Monty Williams Interview
March 29, 2008
"[My health] is a miracle. I mean, that's the only way I can explain it." ~ Monty Williams
Prior to Saturday Night's tipoff between the Blazers and Bobcats, I had the opportunity to sit down with Blazers Assistant Coach Monty Williams. Coach Williams was kind enough to discuss his work developing the team's young talent, how he has learned from some of the best coaches in the league, and what is really going on when he holds Coach McMillan back during confrontations with the referees.
Mr. Williams also talks candidly in this interview about his Christian faith and how it sustained him through the trials and tribulations of dealing with a mysterious heart condition.
Here is the transcript of our conversation.
Blazersedge: I understand that Coach Nate McMillan breaks the roster down into groups for video sessions. Who is in your group?
Blazersedge: Both Martell and Travis have taken big steps forward this year. What is it that you're focusing on with them?
Blazersedge: Next year, with Greg Oden being added to the roster, what do you see as your role in managing his development?
Blazersedge: Can you explain how you came from the San Antonio organization to Portland?
Blazersedge: Was that a pretty easy decision to make?
Blazersedge: Of the other assistants on the staff, who have you learned the most from?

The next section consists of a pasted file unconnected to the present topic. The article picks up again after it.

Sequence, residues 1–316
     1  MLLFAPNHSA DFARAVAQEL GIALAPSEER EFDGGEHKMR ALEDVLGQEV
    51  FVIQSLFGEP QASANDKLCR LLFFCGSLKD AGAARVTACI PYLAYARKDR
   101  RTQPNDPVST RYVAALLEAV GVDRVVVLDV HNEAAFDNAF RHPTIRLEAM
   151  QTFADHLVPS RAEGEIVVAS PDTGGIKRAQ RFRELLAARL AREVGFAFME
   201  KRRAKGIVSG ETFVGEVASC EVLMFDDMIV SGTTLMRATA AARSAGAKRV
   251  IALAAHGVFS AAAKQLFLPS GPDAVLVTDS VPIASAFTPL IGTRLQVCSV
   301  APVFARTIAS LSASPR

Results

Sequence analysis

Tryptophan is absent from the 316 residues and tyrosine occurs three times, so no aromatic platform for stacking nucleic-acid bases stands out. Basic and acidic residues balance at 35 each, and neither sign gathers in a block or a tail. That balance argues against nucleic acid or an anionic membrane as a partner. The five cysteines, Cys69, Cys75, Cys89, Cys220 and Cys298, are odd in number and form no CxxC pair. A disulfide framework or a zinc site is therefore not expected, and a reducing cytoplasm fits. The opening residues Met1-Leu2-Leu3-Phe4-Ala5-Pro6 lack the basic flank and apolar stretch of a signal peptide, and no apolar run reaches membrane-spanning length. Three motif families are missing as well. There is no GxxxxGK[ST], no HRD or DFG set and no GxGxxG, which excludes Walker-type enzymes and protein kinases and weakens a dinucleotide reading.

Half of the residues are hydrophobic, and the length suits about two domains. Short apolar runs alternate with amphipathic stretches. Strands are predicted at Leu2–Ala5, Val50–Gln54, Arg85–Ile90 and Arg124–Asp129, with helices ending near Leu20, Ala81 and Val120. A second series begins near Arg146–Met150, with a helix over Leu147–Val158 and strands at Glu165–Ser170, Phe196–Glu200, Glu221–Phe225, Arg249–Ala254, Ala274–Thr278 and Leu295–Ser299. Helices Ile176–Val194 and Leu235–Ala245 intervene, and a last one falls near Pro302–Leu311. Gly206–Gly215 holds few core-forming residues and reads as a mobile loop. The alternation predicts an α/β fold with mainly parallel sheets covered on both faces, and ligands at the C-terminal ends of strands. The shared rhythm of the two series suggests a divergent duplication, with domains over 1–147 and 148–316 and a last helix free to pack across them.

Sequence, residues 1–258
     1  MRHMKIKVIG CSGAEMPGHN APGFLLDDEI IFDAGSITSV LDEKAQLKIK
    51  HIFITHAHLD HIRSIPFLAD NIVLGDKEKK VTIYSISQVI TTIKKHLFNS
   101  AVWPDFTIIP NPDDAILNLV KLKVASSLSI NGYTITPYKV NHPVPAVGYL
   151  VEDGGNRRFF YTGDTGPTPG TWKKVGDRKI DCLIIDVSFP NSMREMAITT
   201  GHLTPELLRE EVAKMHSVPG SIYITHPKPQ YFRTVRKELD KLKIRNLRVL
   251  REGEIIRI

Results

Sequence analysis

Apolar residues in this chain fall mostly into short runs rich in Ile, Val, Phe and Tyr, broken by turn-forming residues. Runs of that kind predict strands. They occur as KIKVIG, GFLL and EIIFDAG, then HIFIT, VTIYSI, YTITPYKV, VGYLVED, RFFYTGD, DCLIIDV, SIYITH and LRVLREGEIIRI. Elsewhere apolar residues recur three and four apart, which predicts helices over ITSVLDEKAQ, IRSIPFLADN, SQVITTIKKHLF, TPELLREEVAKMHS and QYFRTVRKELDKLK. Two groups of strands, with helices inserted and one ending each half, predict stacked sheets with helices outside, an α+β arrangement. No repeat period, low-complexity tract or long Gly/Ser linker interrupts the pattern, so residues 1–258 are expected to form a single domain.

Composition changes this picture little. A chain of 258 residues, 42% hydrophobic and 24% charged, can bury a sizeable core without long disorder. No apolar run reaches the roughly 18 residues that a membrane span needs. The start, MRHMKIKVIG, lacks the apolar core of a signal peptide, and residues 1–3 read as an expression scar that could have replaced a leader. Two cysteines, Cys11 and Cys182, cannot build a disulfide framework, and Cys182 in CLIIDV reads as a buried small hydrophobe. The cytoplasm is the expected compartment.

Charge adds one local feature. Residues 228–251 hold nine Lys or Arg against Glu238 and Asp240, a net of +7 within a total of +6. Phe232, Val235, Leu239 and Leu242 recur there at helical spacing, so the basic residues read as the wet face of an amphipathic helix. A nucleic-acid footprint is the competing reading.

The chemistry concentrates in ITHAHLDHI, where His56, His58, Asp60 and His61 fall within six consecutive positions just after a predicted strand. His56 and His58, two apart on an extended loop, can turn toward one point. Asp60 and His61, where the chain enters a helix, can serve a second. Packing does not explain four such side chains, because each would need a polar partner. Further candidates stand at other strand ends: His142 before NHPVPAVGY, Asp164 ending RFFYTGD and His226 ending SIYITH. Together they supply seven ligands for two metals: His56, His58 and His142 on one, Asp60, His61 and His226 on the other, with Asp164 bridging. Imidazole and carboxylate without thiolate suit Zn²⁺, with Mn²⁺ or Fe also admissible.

Nate has poured so much into me, he will sit me down some days and just explain something to me in a way I don't think I would have ever looked at, just because he's been in so many coaching situations in his 8 years as being a head coach. I think the thing that's helped him with me is that he trusts me. It's kind of like when you're growing up back around your neighborhood and the older kids pick you to play on their team. That's kind of how it is here.
Blazersedge: He's a mentor of sorts?
Blazersedge: I see you interact with Nate a lot especially when he goes after the refs. Are you guys playing good cop, bad cop during those confrontations with the officials or do you really have to hold him back sometimes?
[Coach Williams demonstrates by squeezing my arm.]
It just reassures him that what's important... the team looks to him for leadership. A lot of times if Nate gets a [technical foul] or gets kicked out, I think our guys feel like "Ok, where are we going to turn to now?" Sometimes I'll just say, "Hey Nate it's alright, let that one go." Sometimes I'll be like, "You're right, you need to go tell him." I don't need to go up there and do that, sometimes I just go up there and squeeze his arm and it kind of calms him down a little bit. He knows what he's doing. He doesn't need me up there all the time.
[Note: Mr. Williams was diagnosed with Hypertrophic Cardiomyopathy (HCM), which is a rare condition of thickened muscle between the chambers of the heart. This diagnosis resulted in a doctor's order to stop playing basketball.]
Blazersedge: I understand you had a heart condition in college that sat you down for a couple of years. Who made the call to sit you down?
When you've played basketball since you were 10 years old, and then all of a sudden you have to stop, you have to reassess how you look at life, how you look at your job, how you look at your relationships and you figure out what's more important: my life and being with my family, but, most importantly, my faith, which strengthens through that time. I wasn't the Christian that I should have been at the time. It was almost like a reality check for me. God was like, pull your chain a little bit. God didn't give me a disease but he allowed it and it was the best thing that happened to me and it helped me reevaluate what I was doing in my life.